PCI cards in PM G5...do slots matter?

Discussion in 'Macintosh Computers' started by kugino, May 6, 2005.

  1. kugino macrumors 65816


    Jul 10, 2003
    i have a few PCI cards (Miglia Alchemy DVR, SIIG SATA, Koutech FW/USB) that i've tried in the different slots in my Rev. A PM 2.0. they all work in slot 4, the one that runs at 133 MHz. however, none of them work in slots 2 and 3. i've tried them individually, in tandem, etc., but only one card at at time works, and it's only in slot 4. i took the PM to the genius bar today and the "genius" said that individual cards are hit and miss as to whether they'll work or not. i understand that. we all know of the deep sleep issues with some of the cards and that some cards don't seem to work as well as others. BUT, am i missing something by thinking that IF the card works perfectly fine in slot 4, it SHOULD also work in slots 2/3? are slots 2/3 and 4 so different from one another? all the cards i have run at much less than 100 MHz, probably at 66MHz...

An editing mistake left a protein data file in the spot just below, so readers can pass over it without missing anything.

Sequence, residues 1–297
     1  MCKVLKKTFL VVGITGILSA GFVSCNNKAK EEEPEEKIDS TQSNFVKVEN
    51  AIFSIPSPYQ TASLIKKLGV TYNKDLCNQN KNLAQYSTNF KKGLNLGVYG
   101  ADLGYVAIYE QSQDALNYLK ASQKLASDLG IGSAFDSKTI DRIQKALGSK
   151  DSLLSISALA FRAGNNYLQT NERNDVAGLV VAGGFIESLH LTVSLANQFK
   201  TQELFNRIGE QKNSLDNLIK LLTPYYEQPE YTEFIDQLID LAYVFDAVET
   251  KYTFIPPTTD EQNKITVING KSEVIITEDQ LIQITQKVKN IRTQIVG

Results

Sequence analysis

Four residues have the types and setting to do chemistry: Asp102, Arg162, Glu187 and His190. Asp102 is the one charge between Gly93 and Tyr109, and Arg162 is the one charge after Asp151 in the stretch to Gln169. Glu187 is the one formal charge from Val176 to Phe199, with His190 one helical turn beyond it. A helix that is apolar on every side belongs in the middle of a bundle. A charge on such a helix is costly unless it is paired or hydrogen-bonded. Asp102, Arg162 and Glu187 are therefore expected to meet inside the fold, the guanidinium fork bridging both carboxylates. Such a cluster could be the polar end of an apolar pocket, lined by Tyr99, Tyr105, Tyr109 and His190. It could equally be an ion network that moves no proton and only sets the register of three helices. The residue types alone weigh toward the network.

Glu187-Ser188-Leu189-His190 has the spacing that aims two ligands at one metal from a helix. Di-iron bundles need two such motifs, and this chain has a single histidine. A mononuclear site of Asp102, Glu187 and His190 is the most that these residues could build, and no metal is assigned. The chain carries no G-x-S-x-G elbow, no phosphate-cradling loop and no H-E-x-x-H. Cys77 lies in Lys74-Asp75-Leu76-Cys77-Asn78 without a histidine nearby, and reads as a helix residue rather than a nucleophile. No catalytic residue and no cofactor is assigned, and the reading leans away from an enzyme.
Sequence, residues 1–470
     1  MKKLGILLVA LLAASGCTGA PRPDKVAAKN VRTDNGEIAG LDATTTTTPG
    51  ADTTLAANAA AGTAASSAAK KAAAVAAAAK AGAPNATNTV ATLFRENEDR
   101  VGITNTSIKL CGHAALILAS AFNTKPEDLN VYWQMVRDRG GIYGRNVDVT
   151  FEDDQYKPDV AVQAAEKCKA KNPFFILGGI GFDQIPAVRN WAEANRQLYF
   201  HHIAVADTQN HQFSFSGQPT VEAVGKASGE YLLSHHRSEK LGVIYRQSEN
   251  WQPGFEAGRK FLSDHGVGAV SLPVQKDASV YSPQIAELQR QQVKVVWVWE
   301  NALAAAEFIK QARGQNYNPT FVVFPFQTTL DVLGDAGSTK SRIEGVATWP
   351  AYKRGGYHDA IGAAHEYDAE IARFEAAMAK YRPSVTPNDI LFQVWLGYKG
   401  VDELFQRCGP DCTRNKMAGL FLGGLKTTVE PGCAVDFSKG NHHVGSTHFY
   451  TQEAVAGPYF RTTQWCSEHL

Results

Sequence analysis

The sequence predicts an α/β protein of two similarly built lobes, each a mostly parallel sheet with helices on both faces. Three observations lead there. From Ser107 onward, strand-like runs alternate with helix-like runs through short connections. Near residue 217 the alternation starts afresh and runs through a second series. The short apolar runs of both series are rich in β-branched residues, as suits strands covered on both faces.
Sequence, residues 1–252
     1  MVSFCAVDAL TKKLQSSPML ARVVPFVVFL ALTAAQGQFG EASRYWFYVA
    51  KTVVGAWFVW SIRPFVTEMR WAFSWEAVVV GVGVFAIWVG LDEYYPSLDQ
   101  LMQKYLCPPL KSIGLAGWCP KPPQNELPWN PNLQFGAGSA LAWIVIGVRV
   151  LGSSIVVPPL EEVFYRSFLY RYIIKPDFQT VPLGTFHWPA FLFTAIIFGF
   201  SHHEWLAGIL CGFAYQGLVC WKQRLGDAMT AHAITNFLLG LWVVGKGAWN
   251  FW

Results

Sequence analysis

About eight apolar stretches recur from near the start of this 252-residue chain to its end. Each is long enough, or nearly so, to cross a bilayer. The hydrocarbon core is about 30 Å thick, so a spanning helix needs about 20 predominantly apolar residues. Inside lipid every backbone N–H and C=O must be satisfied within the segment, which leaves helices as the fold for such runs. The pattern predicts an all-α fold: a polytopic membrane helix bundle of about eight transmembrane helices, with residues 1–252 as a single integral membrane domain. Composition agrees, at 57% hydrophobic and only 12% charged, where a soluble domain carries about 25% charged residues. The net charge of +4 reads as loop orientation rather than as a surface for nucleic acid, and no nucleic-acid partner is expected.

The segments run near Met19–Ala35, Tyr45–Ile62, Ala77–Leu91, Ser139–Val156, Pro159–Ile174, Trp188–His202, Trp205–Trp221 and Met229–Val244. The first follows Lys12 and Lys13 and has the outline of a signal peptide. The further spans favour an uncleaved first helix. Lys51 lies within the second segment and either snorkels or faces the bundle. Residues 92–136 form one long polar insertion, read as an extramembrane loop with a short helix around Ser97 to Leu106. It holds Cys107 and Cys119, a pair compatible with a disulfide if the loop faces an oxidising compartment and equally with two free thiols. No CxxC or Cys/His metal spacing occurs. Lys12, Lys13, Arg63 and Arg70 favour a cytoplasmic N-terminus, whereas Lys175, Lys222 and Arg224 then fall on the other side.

i left the PM with the apple store and they're going to check it out, but the "genius" doesn't think they'll find anything (on a side note, he was the worst genius i've ever talked to/dealt with...not very friendly...also had to correct him on some of the issues). can anyone clarify things for me? thanks!
  2. risc macrumors 68030


    Jul 23, 2004
    Melbourne, Australia
    I work with 64 bit PCI cards all the time on x86 servers and PCI-X 133 / 100 PCI 66 are all backwards compatible (you can even run some 32 bit PCI cards in 64 bit PCI slots), if I have PCI-X 133 card and no PCI-X 133 slots I'll dump it in a 100 or 66 mhz slot with no problems at all, I even put 66 mhz cards in 133 mhz slots depending on the situation.

    I'm sorry to hear about your problem, but other than a design fault I can see no logical reason for it.
  3. maxvamp macrumors 6502a


    Sep 26, 2002
    Somewhere out there
    The way that PCI-X works is that there are several independent channels.

    In a normal PCI configuration, all slots have to share a total of 133MB/s to send data, but in a 133 MHz slot on a PowerMac PCI-X slot, that one slot gets all of the available bandwidth.

    The main reason for this, and why PCI-X is more expensive to produce, is that that slot/bus has it's own controller. The 100 MHz slots share their own controller, and if there were an standard PCI slots, they would have their own controller.

    It sounds like the controller for the 100MHz bus is bad.

  4. kugino thread starter macrumors 65816


    Jul 10, 2003
    i agree. i think the controller is bad, but the "genius" didn't even want to test it - he thought i just had bad cards. hopefully they'll find something.

Share This Page